A recent study found that 67 percent of middle-income baby boomers are expecting a retirement that is different from the one their parents enjoyed.
The study, performed by the Bankers Life & Casualty Company Center for a Secure Retirement, found that roughly 75 percent of the generation born between 1946 and 1964 believe that financial factors, not their age, will determine when they will retire. Despite the uncertainty, more than half are looking forward to retirement.
If you're trying to navigate the new retirement landscape, here is some key advice.
Be prepared to be the decision-maker
In the past, workers had little input regarding their retirement or health care choices. Employers provided specific benefits, and employees generally counted on defined and reliable pension and health care coverage.
That has all changed. Workers now have more options, but they also have greater responsibility — and costs.
You may find yourself faced with choices about how much to set aside in a health savings or medical spending account or about which Medicare supplement plan to select. Retirement options, such as 401(k) plans and other tax-advantaged opportunities, also provide an array of sometimes confusing choices.
Your CPA can explain your options and help you with your concerns.
Planning is more important
The choices and responsibilities make it more critical than ever to have a realistic sense of your financial situation and whether you're ready for retirement. According to the study, about half of middle-income boomers aren't certain they will have enough in savings to guarantee a comfortable retirement.
If you're not sure where you stand, you can begin by using the tools on the 360 Degrees of Financial Literacy website, a public service of the CPA profession. The site's retirement pension planner, for example, helps you to estimate your savings needs based on factors such as your current age, income, savings rate and expected retirement age. Articles on the site also walk you through retirement and estate planning basics.
You may learn that you're running a bit behind in your savings if you want to reach your retirement goal, but finding this out early can help you consider your options and take the steps you need to get back on track.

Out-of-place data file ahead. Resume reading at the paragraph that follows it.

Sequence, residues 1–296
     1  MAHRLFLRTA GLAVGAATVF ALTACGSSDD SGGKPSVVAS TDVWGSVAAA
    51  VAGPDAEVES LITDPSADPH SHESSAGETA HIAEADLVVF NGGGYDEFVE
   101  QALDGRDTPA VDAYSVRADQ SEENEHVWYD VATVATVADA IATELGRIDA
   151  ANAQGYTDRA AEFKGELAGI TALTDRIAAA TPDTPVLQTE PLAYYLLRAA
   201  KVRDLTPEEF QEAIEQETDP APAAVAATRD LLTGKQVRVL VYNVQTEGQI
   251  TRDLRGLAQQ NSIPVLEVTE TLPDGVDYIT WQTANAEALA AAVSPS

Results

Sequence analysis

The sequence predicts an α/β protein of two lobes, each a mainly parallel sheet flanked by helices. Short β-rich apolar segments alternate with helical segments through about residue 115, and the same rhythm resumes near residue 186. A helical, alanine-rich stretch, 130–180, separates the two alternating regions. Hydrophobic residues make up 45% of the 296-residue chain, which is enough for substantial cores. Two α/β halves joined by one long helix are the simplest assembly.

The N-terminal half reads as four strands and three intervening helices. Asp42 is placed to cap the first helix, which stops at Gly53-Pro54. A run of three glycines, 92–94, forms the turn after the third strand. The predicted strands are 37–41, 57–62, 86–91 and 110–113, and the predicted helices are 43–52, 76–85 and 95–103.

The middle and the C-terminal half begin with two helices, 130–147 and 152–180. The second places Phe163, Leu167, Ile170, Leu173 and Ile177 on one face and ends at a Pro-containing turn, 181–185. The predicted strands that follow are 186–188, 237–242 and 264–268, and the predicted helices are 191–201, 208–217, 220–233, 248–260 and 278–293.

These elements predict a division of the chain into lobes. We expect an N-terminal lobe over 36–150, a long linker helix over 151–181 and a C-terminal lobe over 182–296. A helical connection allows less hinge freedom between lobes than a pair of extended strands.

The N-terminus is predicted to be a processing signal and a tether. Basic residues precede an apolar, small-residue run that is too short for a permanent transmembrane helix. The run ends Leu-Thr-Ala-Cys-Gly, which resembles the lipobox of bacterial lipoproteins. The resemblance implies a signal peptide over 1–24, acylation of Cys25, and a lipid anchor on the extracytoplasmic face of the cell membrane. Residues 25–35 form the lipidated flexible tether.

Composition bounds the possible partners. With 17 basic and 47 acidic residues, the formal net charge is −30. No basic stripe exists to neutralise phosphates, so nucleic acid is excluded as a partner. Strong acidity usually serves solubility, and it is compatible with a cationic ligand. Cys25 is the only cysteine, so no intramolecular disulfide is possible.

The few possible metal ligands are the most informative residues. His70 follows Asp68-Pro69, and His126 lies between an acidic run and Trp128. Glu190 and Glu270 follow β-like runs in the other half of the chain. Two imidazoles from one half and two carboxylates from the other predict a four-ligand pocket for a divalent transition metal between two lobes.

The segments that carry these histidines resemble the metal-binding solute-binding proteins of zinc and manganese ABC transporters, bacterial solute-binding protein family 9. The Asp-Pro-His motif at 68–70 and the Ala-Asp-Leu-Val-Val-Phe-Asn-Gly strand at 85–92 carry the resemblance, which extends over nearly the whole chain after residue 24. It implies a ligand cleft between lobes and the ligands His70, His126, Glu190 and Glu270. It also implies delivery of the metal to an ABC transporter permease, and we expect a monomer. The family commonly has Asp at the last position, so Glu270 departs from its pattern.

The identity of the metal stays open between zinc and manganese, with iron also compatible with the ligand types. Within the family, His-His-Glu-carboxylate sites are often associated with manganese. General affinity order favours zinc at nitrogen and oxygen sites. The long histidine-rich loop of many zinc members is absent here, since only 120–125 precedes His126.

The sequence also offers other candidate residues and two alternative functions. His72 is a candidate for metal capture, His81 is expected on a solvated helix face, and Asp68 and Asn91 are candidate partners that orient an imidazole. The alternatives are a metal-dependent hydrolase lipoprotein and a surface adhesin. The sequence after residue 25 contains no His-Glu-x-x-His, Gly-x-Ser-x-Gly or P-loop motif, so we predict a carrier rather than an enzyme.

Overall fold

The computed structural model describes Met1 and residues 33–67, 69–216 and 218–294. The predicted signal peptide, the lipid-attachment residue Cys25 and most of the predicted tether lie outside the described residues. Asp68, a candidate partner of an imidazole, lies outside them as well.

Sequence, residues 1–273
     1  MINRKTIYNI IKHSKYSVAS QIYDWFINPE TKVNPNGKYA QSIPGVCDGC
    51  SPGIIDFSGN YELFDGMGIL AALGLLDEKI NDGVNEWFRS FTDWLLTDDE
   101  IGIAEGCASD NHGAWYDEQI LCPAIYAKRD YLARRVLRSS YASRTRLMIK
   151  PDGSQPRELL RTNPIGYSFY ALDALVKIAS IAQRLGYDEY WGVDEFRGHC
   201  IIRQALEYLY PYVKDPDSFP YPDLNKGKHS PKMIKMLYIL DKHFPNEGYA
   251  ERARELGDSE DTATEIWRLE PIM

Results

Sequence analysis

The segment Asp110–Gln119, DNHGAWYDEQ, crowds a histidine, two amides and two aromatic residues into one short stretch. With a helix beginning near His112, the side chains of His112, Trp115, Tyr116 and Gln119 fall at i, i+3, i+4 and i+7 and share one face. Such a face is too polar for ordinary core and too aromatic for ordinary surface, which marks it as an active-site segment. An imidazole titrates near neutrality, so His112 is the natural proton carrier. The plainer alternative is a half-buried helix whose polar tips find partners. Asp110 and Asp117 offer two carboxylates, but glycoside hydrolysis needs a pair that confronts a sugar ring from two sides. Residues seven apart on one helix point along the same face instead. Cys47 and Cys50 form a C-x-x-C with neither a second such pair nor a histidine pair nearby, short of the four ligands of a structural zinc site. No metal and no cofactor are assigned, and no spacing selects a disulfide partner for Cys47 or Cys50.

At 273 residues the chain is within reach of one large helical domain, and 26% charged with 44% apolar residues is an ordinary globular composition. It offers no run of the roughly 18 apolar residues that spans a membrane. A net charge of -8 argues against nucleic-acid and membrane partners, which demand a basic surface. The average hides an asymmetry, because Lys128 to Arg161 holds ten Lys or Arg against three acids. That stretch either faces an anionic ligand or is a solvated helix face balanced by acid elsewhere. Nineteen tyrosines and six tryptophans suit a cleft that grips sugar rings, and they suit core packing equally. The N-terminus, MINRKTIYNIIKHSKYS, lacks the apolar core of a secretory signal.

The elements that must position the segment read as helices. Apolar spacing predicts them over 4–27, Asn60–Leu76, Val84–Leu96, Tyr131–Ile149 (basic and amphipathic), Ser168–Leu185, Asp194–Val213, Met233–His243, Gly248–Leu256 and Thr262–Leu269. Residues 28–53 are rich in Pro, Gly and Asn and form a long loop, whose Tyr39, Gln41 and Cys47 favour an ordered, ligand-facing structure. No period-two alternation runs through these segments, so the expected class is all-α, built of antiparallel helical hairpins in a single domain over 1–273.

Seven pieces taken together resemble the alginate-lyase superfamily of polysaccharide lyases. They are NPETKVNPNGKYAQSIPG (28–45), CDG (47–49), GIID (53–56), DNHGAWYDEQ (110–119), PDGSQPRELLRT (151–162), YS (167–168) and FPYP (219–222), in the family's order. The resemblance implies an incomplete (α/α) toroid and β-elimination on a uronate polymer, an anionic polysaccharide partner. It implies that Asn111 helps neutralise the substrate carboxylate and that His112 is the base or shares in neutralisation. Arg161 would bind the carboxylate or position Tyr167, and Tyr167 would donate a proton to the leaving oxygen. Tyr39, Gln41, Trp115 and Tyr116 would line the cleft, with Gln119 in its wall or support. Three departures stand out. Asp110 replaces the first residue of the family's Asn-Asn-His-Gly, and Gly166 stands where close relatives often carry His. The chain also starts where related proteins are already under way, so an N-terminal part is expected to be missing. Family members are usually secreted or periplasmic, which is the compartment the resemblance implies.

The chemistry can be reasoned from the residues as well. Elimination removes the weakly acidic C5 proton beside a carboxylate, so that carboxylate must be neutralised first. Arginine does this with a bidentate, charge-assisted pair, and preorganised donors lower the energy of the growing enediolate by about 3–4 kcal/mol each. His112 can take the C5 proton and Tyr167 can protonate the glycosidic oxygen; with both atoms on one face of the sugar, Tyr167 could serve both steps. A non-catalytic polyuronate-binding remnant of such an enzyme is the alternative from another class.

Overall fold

Get ready to work longer
There was a 101 percent jump in the number of people 65 and older in the workforce between 1977 and 2007, according to the Bureau of Labor Statistics.
There may be numerous reasons for that change, including losses to retirement savings suffered during the recession as well as changing attitudes about work among those of retirement age. That means you may have to adjust your career expectations if your work life is going to last longer than you thought.
Make the most of your opportunities
Given the new retirement realities, it's especially important to take advantage of any options that will maximize your situation.
That means, among other things, that you should make full contributions to company retirement plans that offer a matching employer contribution. If you don't, you're missing out on free additions to your nest egg.
On the other side of the coin, avoid dipping into your retirement account, particularly if it means a penalty for early withdrawal. The longer the money stays in the account, the more time it will have to earn interest or dividends.
To learn more about Pennsylvania Institute of Certified Public Accountants (PICPA), visit www.ineedacpa.org.